Best tips for speaking in public--share them (or see them) here in the comments box and help those who plan to give a speech in the coming year!
Photo, above: A once-in-a-lifetime opportunity to talk at Shakespeare and Company bookshop in Paris, in 2010. See the right-hand corner of the screen, where the video camera captured a part of the speaker. The video follows, after today's story column.
Today's word: parler en public
: to speak in public
La bouche sèche, les mains moites, des sueurs froides, et la voix coincée ou les balbutiements--le trou de mémoire--adieu, maintenant, la peur de parler en public! Dry mouth, clammy hands, cold sweats, the voice that's stuck or stammering--the mind that draws a blank--good riddance, now, to the fear of public speaking!
A DAY IN A FRENCH LIFE... by Kristin Espinasse
Reader Debbie Ambrous wrote with good news: after publishing her first book A French Opportunity (available in paperback or Kindle), she will present it to a live audience! Only, like 99 percent of the population, Debbie is uncertain about her upcoming presentation. In her email, she asks if I have any tips for her presentation?
As someone who has passed out (twice) before a live audience I'm not sure I'm the one to answer Debbie's question. So I am asking readers, now, to please share helpful public speaking tips--and pointers on how to organize and prepare for an upcoming talk--here. Meantime, I will tell you about a very positive public speaking experience with you. The following story was written three years ago....
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Désaxé refers to a "mentally disoriented" person. It also means off-centered. I might have been both on Monday night, while speaking before an audience in Paris. Instead, I did not feel the familiar disorientation, at least not mentally. There was calm, peace, and deliverance on the day of my discours.
Oh to be delivered from the chains that bind us! Troubled and tortured no more! Free to enjoy daily life without the nagging nerves that keep us from the present moment, detached from those oft-crossed connections that cry feed me, fill me, comfort the out-of-control me.
By grace I have been set free in other areas of my life and so recognized the miracle on Monday night. And it didn't even matter that my body trailed behind, still smarting from injuries of times past. As my skin sweat, as my nose ran, as my hands searched for a place to rest behind the mic and the brightly lit stand... my mind juggled, with ease, enough inner conversations to amuse even Docteur Freud et Cie.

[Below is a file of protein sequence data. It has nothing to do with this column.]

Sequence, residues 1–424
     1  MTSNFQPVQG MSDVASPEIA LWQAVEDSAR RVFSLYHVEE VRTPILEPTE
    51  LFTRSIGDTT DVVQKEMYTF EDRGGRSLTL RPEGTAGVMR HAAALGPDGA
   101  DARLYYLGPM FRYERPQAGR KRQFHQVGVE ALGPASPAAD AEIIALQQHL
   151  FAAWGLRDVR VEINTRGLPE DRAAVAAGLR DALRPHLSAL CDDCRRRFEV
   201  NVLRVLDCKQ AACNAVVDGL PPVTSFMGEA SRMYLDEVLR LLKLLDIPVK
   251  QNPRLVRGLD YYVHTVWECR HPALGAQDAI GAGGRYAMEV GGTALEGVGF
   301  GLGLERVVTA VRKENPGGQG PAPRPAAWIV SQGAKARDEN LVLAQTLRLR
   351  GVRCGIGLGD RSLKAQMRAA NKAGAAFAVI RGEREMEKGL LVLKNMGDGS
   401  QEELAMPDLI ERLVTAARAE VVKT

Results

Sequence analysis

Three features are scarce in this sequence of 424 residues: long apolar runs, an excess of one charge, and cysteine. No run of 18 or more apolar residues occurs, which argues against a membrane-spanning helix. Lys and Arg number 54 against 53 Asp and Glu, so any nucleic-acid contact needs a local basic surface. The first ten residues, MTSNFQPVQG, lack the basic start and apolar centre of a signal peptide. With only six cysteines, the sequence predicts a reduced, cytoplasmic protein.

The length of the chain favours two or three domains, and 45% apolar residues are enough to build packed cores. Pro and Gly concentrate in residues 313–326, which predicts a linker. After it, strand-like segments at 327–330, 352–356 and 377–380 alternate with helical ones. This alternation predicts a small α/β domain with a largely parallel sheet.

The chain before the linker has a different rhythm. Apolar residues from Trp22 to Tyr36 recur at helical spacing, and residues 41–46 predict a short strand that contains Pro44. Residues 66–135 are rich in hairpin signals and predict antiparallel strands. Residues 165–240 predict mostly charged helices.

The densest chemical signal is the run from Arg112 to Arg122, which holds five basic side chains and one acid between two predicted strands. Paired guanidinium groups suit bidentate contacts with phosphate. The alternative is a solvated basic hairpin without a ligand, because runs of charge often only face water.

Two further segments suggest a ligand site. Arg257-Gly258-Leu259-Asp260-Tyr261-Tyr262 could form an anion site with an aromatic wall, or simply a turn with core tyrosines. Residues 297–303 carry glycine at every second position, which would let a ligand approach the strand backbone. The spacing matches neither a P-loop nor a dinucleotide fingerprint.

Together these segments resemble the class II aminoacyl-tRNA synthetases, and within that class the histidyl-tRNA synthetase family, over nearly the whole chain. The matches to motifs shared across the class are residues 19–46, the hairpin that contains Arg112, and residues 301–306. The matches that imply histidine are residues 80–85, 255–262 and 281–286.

There, in a second story arrière boutique packed with books and book lovers, I stood. My back to Notre Dame, which lit the rippling River Seine below, I looked out over the hushed room, far as my blurry eyes could see. That is when that proverbial pin dropped, giving volume and clarity to the clatter of voices within me.
Untroubled yet astonished by the mind's ability to juggle, I listened to the handful of conversations in my head... and marveled at how words marched out of my mouth, by memory.
As my speech continued to deliver itself I tuned in, now and then, to the other speakers within. One of them was saying: You need to wipe your nose. In about thirty seconds it will drip, you have another twenty seconds to talk, but, I'm warning you, get ready to pull out that Kleenex in your pocket.
Another voice, busy taking account of the number of frozen faces in the room, went like this: they look so serious. They may be bored. Yes, the audience looks bored! Get ready to bifurcate at the next paragraph... Lighten up, speed up, or perhaps a joke? No, don't take the risk. Steady goes...
Meantime, the first voice reminded, Okay, time now to search for that Kleenex. Perhaps you can turn your head, toward Notre Dame? No, that would be even more conspicuous. Why not use your scarf? Just act as if you are drying your sweaty brow.
A third voice suggested: Indeed, you are going to look very bad wiping your nose. This voice was dismissed by another, which argued, You'll be horrified if it drips! It is okay to wipe your nose.Blow it if you have to!
While one voice monitored my vital signs and another, my speech—getting all my memorized points across to the audience, a fourth voice monitored the obstacle course beneath me: Careful not to trip over the mic cord, it said. Keep your lips close to the mic, but don't burn your chin on the light bulb, just beneath.
If the look on my face was one of amusement and delight, the video camera (there on a bookshelf to my right) was sure to be capturing it all. I would later learn that the captured image was completely désaxé (with the sweaty speaker all the way to the right of the screen. Looking at her, I watch her wipe her brow, her nose. I watch as she runs her hand through her hair. I watch as she takes in a deep breath before stepping up to the mic, at which point she nearly steps off screen. It doesn't matter that her body has not yet caught up with her mind. Off-centered or désaxé, she is doing, after all, just fine.
(The following clip begins with an explanation on how I managed to book a talk at the famous Parisian bookstore.... If you cannot see the video, below, click over to the blog to view it. )
"Ange" - about George Whitman's passing, and meeting this beloved character for the first time.
Thank you so much for reading these stories and for the time you've set aside to learn a French word or two. If you feel you have learned more than a little vocabulary, here, and would like to reward my efforts please know that a one-time contribution is not only a great support, but it is vivement apprécié. Simply use the quick links below (they'll take you to PayPal). Merci beaucoup!